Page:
Efforts to unravel the strands of philosophy and literature in Samuel Beckett’s work have marked each phase of its critical reception. While the archival turn in scholarship has shed valuable light on Beckett’s debts to philosophy, it has also exposed the rift between the epistemological assumptions of scholars and Beckett’s philosophy of ignorance. I argue that Beckett’s tragic view of philosophy took literary shape as a species of metaphysical horror, Leszek Kolakowski’s term for the failed quest for the absolute in Western thought. Beckett’s legacy is then viewed in a postsecular context as negative theodicy, the struggle to come to grips with the ethical and anthropological consequences of metaphysical horror.
Metaphysical Horror in Samuel Beckett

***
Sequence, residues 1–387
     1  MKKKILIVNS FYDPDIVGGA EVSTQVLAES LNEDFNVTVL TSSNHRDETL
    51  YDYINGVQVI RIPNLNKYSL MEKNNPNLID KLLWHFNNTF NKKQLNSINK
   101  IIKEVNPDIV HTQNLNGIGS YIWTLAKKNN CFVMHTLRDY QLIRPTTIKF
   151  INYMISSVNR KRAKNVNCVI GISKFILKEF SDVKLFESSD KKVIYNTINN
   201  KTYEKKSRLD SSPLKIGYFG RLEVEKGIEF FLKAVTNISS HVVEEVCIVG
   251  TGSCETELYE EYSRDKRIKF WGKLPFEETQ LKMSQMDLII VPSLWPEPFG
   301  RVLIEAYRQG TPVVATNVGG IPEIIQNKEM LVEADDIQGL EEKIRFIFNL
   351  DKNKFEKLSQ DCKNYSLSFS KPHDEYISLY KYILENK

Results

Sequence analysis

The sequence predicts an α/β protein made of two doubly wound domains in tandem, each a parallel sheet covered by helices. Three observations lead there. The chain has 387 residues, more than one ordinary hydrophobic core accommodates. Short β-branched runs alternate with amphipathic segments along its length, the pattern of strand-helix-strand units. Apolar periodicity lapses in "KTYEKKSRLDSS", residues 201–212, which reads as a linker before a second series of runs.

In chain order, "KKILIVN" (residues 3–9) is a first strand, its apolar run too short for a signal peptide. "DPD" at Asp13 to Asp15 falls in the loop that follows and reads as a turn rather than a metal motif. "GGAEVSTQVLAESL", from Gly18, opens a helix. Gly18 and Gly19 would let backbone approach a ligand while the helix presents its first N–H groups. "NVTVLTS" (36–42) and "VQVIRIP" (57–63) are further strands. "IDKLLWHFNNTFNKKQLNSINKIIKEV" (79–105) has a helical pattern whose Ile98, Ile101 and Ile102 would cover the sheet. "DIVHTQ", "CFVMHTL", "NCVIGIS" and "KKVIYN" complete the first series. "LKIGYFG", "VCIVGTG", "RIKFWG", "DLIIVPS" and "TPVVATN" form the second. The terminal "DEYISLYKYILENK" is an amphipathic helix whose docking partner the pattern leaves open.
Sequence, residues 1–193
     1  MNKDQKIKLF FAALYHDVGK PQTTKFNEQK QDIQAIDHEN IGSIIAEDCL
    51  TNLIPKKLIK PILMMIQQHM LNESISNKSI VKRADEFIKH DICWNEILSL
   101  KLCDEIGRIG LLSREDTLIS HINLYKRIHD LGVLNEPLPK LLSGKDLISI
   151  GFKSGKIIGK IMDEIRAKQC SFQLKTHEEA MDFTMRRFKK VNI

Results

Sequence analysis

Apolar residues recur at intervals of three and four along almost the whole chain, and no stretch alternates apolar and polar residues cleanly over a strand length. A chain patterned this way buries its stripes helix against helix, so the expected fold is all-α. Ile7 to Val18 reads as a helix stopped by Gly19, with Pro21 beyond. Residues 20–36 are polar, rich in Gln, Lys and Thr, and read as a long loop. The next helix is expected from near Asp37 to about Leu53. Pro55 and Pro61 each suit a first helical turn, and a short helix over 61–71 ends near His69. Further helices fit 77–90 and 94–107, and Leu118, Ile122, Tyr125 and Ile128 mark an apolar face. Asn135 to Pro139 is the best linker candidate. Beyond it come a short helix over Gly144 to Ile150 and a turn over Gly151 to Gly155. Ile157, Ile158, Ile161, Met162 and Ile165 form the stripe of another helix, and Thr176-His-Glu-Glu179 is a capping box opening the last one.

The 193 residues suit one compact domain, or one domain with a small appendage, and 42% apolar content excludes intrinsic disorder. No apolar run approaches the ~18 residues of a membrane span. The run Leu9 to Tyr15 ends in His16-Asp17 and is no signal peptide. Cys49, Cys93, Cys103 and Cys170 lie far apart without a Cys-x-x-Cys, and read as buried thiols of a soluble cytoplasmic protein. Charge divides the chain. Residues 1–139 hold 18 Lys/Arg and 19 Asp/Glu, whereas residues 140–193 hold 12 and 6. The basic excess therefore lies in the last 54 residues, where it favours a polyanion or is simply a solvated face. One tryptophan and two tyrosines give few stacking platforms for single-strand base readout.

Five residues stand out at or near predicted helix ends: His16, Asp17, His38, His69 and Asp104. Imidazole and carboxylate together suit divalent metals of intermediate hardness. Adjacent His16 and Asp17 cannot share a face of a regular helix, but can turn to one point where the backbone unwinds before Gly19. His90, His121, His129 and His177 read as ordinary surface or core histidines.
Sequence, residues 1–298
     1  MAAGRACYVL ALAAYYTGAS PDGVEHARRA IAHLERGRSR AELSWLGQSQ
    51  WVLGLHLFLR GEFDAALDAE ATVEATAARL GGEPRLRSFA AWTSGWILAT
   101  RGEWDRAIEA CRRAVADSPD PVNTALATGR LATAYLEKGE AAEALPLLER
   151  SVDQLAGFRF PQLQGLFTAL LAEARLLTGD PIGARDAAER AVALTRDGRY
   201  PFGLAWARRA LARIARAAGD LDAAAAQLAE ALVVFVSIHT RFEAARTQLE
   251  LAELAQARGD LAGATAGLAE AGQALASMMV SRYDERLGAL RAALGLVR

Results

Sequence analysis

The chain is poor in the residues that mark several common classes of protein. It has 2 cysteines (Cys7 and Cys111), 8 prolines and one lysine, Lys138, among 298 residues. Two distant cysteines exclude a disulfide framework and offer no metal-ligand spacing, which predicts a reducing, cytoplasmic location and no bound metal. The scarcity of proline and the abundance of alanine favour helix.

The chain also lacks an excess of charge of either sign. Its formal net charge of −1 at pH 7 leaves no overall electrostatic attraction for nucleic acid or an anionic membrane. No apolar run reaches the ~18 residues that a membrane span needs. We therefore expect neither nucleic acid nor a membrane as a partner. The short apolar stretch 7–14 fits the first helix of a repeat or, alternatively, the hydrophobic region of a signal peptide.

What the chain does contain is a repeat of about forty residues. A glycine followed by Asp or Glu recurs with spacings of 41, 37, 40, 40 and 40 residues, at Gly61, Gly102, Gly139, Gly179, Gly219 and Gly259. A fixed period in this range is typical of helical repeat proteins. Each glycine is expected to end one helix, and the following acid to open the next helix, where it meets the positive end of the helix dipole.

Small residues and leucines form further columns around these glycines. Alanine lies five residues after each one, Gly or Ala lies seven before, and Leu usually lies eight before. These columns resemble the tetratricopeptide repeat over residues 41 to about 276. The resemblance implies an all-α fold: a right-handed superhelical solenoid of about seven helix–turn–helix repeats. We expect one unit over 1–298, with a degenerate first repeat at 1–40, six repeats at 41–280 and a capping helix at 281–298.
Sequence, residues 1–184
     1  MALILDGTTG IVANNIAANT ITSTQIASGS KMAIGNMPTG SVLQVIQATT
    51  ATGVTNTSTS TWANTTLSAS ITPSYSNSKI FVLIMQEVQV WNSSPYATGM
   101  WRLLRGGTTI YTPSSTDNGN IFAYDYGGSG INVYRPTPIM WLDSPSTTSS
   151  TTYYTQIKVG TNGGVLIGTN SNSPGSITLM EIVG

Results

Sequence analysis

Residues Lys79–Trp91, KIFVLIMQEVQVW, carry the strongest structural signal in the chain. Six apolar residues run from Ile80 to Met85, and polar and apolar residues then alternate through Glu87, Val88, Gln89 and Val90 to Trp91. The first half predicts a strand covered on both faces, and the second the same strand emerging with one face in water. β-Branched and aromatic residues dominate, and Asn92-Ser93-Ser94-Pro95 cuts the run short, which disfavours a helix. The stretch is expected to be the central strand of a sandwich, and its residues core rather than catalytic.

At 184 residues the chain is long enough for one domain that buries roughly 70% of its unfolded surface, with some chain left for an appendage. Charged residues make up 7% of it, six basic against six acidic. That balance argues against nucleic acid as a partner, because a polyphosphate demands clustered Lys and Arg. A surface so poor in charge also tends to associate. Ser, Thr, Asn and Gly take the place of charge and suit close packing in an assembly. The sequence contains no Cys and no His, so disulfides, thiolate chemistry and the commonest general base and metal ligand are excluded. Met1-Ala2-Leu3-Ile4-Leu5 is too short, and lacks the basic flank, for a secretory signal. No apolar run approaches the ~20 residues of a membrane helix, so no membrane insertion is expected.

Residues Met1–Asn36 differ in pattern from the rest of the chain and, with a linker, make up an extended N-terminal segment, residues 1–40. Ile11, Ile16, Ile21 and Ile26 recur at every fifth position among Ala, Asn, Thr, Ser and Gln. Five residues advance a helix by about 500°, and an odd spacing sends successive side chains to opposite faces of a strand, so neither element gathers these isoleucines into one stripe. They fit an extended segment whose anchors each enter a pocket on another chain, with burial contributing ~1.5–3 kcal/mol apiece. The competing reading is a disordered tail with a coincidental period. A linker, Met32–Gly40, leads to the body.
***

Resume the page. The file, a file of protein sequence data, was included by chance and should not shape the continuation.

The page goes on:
Christopher Conti is assistant professor of English at Western Sydney University and member of the Writing and Society Research Centre. He edited “Samuel Beckett and the Afterlife/Samuel Beckett et la vie future,” a special issue of Samuel Beckett Today/Aujourd’hui (2021) with Matthijs Engelberts and is the author of Proofs: One Hundred and Four Short Stories (2012). His research interests include the relation of philosophy and literature in the novels of Franz Kafka, Samuel Beckett, John Barth, and J. M. Coetzee.
Christopher Conti; Metaphysical Horror in Samuel Beckett. Twentieth-Century Literature 1 September 2023; 69 (3): 329–362. doi: https://doi.org/10.1215/0041462X-10814839
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